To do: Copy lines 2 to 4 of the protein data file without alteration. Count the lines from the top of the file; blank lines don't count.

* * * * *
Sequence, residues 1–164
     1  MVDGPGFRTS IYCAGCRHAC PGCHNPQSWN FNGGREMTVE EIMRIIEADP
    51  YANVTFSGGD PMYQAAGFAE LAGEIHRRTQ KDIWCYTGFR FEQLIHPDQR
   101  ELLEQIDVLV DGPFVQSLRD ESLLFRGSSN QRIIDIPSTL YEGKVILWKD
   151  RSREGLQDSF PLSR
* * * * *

     1  MVDGPGFRTS IYCAGCRHAC PGCHNPQSWN FNGGREMTVE EIMRIIEADP
    51  YANVTFSGGD PMYQAAGFAE LAGEIHRRTQ KDIWCYTGFR FEQLIHPDQR
   101  ELLEQIDVLV DGPFVQSLRD ESLLFRGSSN QRIIDIPSTL YEGKVILWKD